bilocation

Eight years ago today, my wife and I were celebrating. We had just learned that we were going to be moms, that I was finally pregnant. I was equally terrified and thrilled. That night, at our New Year’s Eve dinner, I gleefully replaced my usual cocktail with a mineral water. I felt both giddiness and nausea when I attempted a sip of champagne at midnight. It was the best start of a new year of my life.

Four years ago, I spent New Year’s Eve by my son’s hospital bed, watching him lie there so very sick from his bone marrow transplant. His liver was causing problems. He was sleeping nearly all the time. He was hooked up to morphine and IV nutrition, drugs that would help his body accept the new marrow, antibiotics, antivirals, antifungals, an experimental drug meant to save his liver. He had two IV poles. He also had mouth sores, rashes. He had not a single hair on his body. I was equal parts terrified and hopeful. If he survived this, we might just have our boy back. We rang in the new year with a fever and his nurse drawing blood cultures to ensure his central line wasn’t infected. That was my most terrifying New Year’s Eve to date.

Time keeps passing–four years now–yet this time of year keeps half of me in the hospital back on the cusp of 2012/2013. Part of me will forever be at my son’s bedside, wishing for him to be better. Part of me will forever be wondering who he might be now, what it would be like to have a son and a daughter.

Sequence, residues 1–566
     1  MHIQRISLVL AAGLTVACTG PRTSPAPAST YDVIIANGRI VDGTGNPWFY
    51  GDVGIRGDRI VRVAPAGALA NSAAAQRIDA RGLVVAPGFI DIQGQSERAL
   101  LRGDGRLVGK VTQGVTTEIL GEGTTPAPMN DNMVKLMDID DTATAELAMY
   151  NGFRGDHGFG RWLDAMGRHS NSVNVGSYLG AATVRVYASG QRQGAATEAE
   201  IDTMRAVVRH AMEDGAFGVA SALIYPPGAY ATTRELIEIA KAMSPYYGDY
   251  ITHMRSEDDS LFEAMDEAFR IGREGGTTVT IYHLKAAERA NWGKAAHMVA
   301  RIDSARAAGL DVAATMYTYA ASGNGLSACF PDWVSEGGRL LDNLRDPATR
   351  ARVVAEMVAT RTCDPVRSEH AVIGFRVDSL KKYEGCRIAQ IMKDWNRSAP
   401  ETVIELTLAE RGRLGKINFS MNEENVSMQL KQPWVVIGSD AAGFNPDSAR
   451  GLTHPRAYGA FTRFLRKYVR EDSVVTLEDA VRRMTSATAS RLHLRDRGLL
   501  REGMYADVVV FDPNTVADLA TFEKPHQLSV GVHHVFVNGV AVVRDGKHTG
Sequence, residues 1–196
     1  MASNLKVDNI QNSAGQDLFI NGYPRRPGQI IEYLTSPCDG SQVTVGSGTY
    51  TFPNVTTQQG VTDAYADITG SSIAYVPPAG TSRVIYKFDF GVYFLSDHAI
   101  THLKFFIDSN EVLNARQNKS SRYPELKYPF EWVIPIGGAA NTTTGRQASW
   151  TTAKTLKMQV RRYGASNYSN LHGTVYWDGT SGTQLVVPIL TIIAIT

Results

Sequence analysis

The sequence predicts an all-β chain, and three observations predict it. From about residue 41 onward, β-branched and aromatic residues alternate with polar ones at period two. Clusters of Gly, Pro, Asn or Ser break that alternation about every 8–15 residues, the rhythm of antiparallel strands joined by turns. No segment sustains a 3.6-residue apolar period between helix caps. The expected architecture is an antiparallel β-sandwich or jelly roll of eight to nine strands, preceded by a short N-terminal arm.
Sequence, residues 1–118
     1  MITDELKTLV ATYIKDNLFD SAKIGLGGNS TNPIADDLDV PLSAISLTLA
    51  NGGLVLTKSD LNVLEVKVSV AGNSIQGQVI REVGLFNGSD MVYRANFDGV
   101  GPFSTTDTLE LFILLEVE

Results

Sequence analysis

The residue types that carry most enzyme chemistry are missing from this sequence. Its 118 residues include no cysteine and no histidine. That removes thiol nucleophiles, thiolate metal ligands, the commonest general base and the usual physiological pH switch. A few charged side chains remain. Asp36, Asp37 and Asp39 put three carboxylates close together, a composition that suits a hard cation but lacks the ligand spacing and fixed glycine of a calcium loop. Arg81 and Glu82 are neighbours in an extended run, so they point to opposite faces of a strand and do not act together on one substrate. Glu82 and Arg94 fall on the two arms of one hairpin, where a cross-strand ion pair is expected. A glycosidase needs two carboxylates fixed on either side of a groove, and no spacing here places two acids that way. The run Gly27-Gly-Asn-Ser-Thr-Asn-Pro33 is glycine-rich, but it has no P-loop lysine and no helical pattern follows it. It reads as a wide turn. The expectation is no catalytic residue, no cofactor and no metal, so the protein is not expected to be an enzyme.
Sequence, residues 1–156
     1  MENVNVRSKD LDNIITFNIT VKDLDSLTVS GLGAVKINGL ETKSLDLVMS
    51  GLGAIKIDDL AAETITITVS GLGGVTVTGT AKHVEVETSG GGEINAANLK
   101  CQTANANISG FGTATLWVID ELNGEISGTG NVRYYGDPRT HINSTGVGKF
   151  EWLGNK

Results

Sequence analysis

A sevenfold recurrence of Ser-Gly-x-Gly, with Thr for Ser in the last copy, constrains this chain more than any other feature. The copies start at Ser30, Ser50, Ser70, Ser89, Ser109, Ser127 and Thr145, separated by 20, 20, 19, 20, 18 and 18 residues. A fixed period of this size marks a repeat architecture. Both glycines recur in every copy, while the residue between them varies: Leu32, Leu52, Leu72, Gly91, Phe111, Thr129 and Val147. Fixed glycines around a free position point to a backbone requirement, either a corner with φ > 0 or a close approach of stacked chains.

But another year is leaving without him. We spent time with family over the holidays only to feel his absence all the more keenly when his little sister played with all of her girl cousins while her one boy cousin played by himself. He is six. He should not be the only boy in our family. There is a gap in their generation where Caemon should be, and each time all of our family’s kids are together, that gaping Caemon-shaped hole sucks me in, and even as I celebrate my daughter’s joy at having so many adoring cousins, I ache with my son’s absence. I want to be present, but half of my heart will always live where he was alive. Were I in some sort of science fiction novel, I might travel back and forth between my two children or steal him away from another parallel universe to have my two kids together. But I know that is not to be.

And while I may not have the capacity to move through time or flit between realities, I do have my dreams. The other night, as I slept next to my daughter, I dreamt of my son. I knew he was coming to visit for a short time, that I would not get to keep him, but I also knew I would be able to hug him. I couldn’t see his face, only his body and the back of his hair. He was a bigger boy–probably seven. I remember being at peace with just a quick hug before he had to go. He only spoke a few words, which I cannot recall, and then we embraced. He still felt like mine. In my sleep I also pulled my daughter close, and for just a moment, I felt whole.

Today is the last day of our fundraising year for Caemon’s JMML Hero Fund through St. Baldrick’s. If you wish, you can make a donation to his fund through my St. Baldrick’s fundraising page here: https://www.stbaldricks.org/participants/CaemontheCrocLucky7

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2 thoughts on “bilocation

  1. Carol Allison

    That space will never be filled. I’m glad you dreamt of him, and that you were with both him and his sister at the same time in that moment. Beautiful writing as always. ❤

    Reply

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